of which its essence involves existence, only God is self-caused.
II. Finite after its kind; Anything that can be limited by
another thing of the same nature.
For example, body can be limited by body. Body is finite because
we can always conceive of another greater body. Thought too is
finite because it can be limited by thought. However, Body can
not be limited by thought nor thought by body. In Descartes
philosophy body was corporeal and thought incorporeal thus one
could not act directly on another. But with Spinoza the question
of corporeality never arises because thought and body are simply
two different attributes through which we experience the world.
They do not affect each other only because they are simply two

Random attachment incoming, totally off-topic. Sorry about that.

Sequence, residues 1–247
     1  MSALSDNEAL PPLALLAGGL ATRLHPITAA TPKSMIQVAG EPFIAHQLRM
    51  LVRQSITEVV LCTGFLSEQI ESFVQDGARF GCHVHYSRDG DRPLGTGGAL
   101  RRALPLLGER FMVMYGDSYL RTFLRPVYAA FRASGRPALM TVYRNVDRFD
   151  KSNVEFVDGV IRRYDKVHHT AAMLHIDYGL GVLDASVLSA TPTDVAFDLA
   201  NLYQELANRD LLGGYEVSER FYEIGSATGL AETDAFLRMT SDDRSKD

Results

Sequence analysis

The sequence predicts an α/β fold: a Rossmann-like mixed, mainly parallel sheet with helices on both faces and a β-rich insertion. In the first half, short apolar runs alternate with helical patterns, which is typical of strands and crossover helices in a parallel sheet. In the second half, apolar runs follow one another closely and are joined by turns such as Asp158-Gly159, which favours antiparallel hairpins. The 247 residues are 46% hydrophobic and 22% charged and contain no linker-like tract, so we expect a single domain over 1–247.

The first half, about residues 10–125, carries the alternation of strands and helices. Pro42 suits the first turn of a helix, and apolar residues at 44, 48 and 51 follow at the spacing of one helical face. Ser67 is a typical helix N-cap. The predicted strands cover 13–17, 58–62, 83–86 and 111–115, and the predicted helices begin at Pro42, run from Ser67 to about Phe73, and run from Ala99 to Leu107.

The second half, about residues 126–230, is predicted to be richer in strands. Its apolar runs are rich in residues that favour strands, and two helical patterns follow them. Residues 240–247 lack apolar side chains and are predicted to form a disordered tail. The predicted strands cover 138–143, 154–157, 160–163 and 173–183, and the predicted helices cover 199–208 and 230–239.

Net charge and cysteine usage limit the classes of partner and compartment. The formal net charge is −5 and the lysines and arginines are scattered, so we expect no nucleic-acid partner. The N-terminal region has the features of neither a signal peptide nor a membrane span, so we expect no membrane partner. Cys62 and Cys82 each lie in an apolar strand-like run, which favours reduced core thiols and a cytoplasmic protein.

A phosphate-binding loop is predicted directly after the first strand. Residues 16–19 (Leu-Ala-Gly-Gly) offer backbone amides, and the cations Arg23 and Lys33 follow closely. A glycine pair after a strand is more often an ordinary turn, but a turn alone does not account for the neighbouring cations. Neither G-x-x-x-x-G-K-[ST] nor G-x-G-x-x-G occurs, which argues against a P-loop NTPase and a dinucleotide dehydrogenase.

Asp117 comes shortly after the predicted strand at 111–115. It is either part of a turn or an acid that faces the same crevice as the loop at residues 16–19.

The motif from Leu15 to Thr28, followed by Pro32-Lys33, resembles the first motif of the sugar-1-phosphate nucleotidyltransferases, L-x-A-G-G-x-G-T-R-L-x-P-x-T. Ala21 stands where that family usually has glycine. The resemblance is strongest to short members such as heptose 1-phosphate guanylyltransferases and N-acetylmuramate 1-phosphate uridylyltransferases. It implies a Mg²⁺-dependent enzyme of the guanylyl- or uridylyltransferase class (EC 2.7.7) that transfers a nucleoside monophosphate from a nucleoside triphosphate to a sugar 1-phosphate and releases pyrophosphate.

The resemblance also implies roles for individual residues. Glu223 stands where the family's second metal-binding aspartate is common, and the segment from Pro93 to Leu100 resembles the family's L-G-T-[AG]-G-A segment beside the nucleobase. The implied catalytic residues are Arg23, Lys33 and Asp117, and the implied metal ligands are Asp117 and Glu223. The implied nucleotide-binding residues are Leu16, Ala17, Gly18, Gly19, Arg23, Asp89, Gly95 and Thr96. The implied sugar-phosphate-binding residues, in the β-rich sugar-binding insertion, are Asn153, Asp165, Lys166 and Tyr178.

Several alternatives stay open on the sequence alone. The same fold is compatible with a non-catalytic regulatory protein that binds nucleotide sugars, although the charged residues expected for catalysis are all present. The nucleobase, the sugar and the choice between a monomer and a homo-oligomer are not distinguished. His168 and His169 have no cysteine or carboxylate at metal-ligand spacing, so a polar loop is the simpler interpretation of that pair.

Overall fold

different ways of looking at the same things.
III. Substance; that which is in itself, and is conceived
Aristotle's conception of substance was anything that we could
talk about as an individual thing. Descartes applied the concept
substance to anything on the single basis that they existed.
Corporeal substance indicated the existence of bodies and
incorporeal substance of thoughts. To make the concept more
precise Spinoza used the term to designate only that of which a
conception can be formed independent of any other conception.
This implies that a substance cannot be conceived in relation to
another substance otherwise their would be a connection between
them and the two together would form a third substance. If we
added additional substances the problem would multiply until we
soon each the point of infinite regression. Therefore their can